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National Burn Awareness Week

Burn Awareness Week is Feb. 5-11

A scald injury can happen at any age. Every day, hundreds of young children with burn injuries are taken to emergency rooms and they were not even near a flame. These children are victims of scalds. Scald burns (caused by hot liquids, steam or foods) are the most common burn injury for a child under the age of 4.  

Most scalds occur in residences and are typically related to ordinary activities – bathing, cooking, and eating – and often happen to children because of a lapse in adult supervision or a lack of protective measures. Youngsters may not understand or even be aware of potential dangers of hot liquids (especially water) and foods; they simply trust adults to keep them safe. 

In addition, young children have thinner skin that burns more quickly than adults. People of all ages can be burned in 30 seconds by a flowing liquid that is 130° F; at 140° F, it takes only 5 seconds; at 160° F, it only takes 1 second. For children under 5, these temperatures can cause a burn in half the time. 

Hot tap water burns most often occur in the bathroom and tend to be more severe and cover a larger portion of the body than other scald burns. Continuous supervision of young children is the most important factor in preventing tap-water scald burns, but there are additional simple preventive measures which can be taken:

  • Lower the temperature settings on water heaters to 120° F (49° C) or less. 
  • When filling the bathtub, turn on cold water first. Mix in warmer water carefully.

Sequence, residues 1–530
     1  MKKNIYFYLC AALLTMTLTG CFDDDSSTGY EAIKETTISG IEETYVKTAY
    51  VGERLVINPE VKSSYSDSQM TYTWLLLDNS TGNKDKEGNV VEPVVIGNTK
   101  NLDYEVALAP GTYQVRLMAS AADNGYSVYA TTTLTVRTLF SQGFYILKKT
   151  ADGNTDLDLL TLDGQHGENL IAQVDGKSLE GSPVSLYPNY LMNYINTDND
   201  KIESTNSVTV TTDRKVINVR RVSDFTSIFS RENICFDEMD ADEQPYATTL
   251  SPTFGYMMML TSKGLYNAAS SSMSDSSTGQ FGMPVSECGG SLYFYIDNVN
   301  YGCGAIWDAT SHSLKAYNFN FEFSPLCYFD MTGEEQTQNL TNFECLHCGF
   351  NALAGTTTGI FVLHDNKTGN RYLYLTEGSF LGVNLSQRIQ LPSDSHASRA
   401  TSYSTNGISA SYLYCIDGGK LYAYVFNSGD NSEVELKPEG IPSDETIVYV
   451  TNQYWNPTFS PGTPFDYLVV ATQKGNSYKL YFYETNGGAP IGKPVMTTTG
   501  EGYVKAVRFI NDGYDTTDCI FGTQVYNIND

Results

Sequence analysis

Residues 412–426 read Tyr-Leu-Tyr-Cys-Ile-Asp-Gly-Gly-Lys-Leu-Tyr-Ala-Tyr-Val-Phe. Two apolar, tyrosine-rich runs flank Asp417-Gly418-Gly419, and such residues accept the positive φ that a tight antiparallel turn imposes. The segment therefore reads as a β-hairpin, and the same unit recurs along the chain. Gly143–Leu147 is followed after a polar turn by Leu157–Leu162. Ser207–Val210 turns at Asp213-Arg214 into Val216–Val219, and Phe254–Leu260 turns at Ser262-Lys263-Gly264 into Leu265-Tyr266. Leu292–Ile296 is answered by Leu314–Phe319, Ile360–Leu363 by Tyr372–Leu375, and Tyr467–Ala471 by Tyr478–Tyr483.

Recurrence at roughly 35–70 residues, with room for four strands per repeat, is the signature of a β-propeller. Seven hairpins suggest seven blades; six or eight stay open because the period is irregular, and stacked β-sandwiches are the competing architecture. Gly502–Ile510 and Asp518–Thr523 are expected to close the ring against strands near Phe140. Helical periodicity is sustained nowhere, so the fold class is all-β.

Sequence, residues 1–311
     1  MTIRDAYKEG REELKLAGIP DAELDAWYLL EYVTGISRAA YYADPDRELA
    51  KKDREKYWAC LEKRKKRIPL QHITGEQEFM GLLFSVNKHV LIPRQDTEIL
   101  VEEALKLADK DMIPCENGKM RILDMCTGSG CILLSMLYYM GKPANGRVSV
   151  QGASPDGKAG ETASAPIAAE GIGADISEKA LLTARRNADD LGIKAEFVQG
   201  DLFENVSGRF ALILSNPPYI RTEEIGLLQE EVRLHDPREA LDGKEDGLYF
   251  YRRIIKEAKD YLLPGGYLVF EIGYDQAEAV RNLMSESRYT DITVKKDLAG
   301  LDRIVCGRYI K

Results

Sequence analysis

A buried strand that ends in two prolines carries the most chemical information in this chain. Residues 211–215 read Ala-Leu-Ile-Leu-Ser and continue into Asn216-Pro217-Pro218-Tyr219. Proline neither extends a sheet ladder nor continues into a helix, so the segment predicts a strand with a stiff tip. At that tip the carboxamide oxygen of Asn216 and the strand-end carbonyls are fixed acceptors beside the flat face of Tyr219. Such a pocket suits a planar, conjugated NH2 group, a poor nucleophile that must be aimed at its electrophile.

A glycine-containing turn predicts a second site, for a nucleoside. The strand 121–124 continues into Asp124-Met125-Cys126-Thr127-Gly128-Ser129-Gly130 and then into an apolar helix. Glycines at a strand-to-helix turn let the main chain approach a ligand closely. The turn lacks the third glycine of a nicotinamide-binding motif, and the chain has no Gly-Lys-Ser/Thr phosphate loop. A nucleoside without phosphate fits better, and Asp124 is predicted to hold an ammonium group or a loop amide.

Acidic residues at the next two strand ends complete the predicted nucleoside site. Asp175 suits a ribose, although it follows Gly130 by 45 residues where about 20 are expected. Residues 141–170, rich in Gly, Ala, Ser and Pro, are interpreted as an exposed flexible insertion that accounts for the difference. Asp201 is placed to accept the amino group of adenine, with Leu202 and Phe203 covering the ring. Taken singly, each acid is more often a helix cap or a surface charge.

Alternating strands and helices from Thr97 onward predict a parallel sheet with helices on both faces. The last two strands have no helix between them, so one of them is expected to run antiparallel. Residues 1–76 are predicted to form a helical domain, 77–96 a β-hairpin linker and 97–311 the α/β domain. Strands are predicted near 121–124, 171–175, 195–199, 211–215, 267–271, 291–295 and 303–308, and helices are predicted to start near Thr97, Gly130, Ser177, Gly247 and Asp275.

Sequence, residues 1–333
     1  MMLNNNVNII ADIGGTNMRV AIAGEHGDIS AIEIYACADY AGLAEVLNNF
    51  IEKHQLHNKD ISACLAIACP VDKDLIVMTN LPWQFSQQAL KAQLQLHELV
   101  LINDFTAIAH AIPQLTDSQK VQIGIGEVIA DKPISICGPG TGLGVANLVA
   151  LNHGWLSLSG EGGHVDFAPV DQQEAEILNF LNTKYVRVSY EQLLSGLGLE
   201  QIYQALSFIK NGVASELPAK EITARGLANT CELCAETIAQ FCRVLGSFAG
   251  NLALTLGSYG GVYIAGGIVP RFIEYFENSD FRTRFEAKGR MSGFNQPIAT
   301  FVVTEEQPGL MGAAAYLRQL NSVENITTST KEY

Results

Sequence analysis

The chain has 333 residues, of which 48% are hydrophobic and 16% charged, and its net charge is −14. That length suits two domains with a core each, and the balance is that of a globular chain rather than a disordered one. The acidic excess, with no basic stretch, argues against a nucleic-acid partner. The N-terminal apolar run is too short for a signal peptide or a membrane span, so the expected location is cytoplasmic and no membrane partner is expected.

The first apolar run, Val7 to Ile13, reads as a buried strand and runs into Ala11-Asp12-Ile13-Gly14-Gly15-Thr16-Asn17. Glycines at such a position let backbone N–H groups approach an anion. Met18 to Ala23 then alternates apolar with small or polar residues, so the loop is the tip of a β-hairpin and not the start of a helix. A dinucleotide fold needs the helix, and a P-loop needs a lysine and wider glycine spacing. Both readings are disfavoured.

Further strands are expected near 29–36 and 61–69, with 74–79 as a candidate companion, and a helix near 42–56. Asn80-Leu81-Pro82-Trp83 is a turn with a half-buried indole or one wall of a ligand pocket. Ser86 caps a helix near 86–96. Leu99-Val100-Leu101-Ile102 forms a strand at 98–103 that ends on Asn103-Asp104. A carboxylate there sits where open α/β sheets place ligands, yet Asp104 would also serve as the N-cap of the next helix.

• Check the water temperature by rapidly moving your hand through the water. If the water feels hot to an adult, it is too hot for a child. 
  • When placing a child in the tub face them away from faucets and as close to the other end of the tub as possible.

Hospital Emergency Departments and Burn Centers are also reporting that they are treating many children burned from quick-cooking, microwave-heated noodle and pasta products, such as instant noodles, macaroni-and-cheese, and other similar "quick and easy heat and eat" food products. These burns occur because microwave ovens heat foods to very high temperatures and the foods and liquids are heated unevenly. To make sure you and your family are safe when using the microwave, remember the following rules:

  • Stir microwave-heated food after heating to mix the hot and cool areas. 
  • Test the temperature and make sure the heated noodles, pasta dishes ,or "pocket" food has cooled to a safe temperature before serving to children. 
  • While cooling hot foods, make sure they are out of the reach of children. 
  • Keep a 3-foot (1 meter) "kid-free" zone around the cooking area. It’s best to keep children out of the kitchen while hot food is being prepared.
  • Turn pot handles away from the stove’s edge.
  • Use the stove’s back burners to ensure hot pots and pans are out of reach for young children.
  • Do not place hot foods or liquids near the edge of a table or countertop.
  • Be mindful that even foods cooked in the microwave present a risk of burns. Open hot food slowly, and hold it away from your face. This will reduce your risk of being burned by hot steam escaping from a container.  

If you or a member of your family get burned, here are some first aid tips for treatment: 

  • Remove the hot, wet clothing – don’t forget to check and remove an infant’s diaper if it has absorbed hot liquids. 
  • Treat a burn right away. Cool the burn with cool water for 3-5 minutes. Cover with a clean, dry cloth. Get medical help if needed.
  • Do not use ice or very cold water. Ice or very cold water will further damage the burned area; when it is the temperature of the unburned skin, you have cooled enough. 
  • Do not use butter, first aid ointment or cream. These items tend to cause more pain and possible infection. 

For more information on burn prevention or fire safety, call the Hickory Fire Department at 828-323-7420 or visit